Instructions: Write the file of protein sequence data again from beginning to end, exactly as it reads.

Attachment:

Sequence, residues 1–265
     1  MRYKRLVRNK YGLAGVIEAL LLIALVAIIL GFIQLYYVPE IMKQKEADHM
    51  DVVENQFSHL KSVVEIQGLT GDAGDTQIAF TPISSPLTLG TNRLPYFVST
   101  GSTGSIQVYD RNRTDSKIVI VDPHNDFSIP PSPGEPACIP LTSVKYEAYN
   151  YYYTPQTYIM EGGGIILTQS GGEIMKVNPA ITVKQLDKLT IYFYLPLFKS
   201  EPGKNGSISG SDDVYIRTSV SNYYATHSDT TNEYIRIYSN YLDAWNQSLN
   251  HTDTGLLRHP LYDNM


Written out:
Sequence, residues 1–265
     1  MRYKRLVRNK YGLAGVIEAL LLIALVAIIL GFIQLYYVPE IMKQKEADHM
    51  DVVENQFSHL KSVVEIQGLT GDAGDTQIAF TPISSPLTLG TNRLPYFVST
   101  GSTGSIQVYD RNRTDSKIVI VDPHNDFSIP PSPGEPACIP LTSVKYEAYN
   151  YYYTPQTYIM EGGGIILTQS GGEIMKVNPA ITVKQLDKLT IYFYLPLFKS
   201  EPGKNGSISG SDDVYIRTSV SNYYATHSDT TNEYIRIYSN YLDAWNQSLN
   251  HTDTGLLRHP LYDNM